Tweaking Primary Colours – works on plywood

(c) 2012, Naomi Nicholls
Acrylic and acrlyic paint pen on board
 (c) 2012, Naomi Nicholls
Acrylic and graphite on board
 (c) 2012, Naomi Nicholls
Acrylic and graphite on board
 (c) 2012, Naomi Nicholls
Acrylic and graphite on board
(c) 2012, Naomi Nicholls
Acrylic and acrylic paint pen on board

Here are some more works on plywood board.  It’s a wonderful material to work into, as it comes complete with a spatial or atmospheric kind of ‘background’, because of the wood grain surface.

I’m focusing on primary colours with my colour choices.  I think in terms of starting with red, yellow, blue and tweak them slightly.  The blue may become a light blue or royal blue.  The red I turn slightly to a hot pink or magenta by adding the tiniest bit of white or yellow, or go all the way to a fleshy tone.  The yellow I turn, either slightly or a long way, in the direction of orange.  There’s also some random green in one of these works, thrown in for good measure but unrelated to primary colours.  However, I must say, I think that work is the least successful in terms of colour palette.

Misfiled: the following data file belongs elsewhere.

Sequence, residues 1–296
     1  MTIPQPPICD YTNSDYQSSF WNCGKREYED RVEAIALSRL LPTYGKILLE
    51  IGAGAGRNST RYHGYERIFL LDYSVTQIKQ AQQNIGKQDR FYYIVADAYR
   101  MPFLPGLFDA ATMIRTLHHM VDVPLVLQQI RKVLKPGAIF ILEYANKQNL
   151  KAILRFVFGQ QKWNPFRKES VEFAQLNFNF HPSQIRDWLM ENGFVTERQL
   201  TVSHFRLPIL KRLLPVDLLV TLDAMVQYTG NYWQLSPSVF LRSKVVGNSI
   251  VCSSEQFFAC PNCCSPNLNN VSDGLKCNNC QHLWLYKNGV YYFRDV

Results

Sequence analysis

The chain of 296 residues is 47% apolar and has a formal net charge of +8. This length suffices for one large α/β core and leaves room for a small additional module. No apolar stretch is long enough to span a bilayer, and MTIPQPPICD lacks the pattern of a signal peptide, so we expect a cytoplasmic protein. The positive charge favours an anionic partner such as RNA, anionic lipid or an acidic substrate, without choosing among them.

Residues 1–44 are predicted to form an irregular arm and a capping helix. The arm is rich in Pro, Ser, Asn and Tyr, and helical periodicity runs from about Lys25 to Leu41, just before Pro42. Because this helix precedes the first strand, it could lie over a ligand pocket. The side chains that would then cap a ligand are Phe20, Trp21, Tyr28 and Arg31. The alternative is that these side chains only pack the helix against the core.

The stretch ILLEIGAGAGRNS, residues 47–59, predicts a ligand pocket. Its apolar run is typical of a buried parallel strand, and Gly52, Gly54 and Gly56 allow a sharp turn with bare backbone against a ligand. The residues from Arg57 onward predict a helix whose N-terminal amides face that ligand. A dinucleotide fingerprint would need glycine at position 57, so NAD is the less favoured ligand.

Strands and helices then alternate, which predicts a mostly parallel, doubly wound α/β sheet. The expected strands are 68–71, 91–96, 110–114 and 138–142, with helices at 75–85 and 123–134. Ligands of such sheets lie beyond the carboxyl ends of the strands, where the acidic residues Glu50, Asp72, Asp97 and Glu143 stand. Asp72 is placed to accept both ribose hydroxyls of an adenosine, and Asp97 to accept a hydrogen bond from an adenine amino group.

I’m finding these adjustments are a great way to deal with colour.  The relationships between the colours are still largely based on primaries, but it alters my thinking about them and my fear of primary colours, inspired by art history’s fear.  While not quite ‘complementary’ colours, they still operate in a really illusory way.  Complementary colours naturally work amazingly to create optical illusions, because they are truly opposite colours.  These tweaked primaries have something at play also and I am deep in sorting it out as I go along.

‘Is the tape part of the work?’

Grand plans, that’s what I had.  It was going to be the first of a series of works on wooden board and I already knew what I wanted to do.  But then came the suggestion ‘Is the tape part of the work?’
Gosh.  No.  It’s not…. wait.

Ah, the eyes of other people!  They see other things.  I had taped the edge of the wood to protect it while I was working with it.  However, as the tape is a vibrant blue, it played off the colours I was working with on the board.

(c) 2012 Naomi Nicholls, Is the tape part of the work? (detail view)
Acrylic and low-tack painters tape on wooden board

 
(c) 2012 Naomi Nicholls, Is the tape part of the work? (side view)
Acrylic and low-tack painters tape on wooden board

(c) 2012 Naomi Nicholls, Is the tape part of the work?
Acrylic and low-tack painters tape on wooden board

For the moment, it stays.  I think they were right.  It is part of the work.
Makes me giggle every time I see it though.